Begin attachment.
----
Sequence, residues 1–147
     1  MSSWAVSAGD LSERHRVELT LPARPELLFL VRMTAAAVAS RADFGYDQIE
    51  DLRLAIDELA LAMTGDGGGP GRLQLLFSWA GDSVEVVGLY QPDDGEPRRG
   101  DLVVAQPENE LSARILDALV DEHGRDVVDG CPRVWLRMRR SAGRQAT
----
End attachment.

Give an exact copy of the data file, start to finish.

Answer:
Sequence, residues 1–147
     1  MSSWAVSAGD LSERHRVELT LPARPELLFL VRMTAAAVAS RADFGYDQIE
    51  DLRLAIDELA LAMTGDGGGP GRLQLLFSWA GDSVEVVGLY QPDDGEPRRG
   101  DLVVAQPENE LSARILDALV DEHGRDVVDG CPRVWLRMRR SAGRQAT